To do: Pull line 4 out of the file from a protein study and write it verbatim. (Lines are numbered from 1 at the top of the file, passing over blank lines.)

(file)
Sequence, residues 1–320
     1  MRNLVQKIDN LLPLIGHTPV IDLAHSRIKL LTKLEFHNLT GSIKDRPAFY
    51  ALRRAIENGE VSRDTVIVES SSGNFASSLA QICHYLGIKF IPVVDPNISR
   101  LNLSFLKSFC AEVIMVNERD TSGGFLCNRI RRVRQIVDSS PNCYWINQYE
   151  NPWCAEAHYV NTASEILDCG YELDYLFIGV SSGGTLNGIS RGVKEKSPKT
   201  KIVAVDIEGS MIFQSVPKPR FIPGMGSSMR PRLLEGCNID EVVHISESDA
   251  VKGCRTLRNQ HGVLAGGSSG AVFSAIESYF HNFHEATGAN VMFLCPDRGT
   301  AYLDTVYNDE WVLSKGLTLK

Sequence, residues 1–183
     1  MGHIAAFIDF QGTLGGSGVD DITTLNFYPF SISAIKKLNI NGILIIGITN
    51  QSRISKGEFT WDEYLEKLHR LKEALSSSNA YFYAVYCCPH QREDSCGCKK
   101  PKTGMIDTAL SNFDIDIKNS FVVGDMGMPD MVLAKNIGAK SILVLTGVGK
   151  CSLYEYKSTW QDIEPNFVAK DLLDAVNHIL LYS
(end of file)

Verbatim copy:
   101  LNLSFLKSFC AEVIMVNERD TSGGFLCNRI RRVRQIVDSS PNCYWINQYE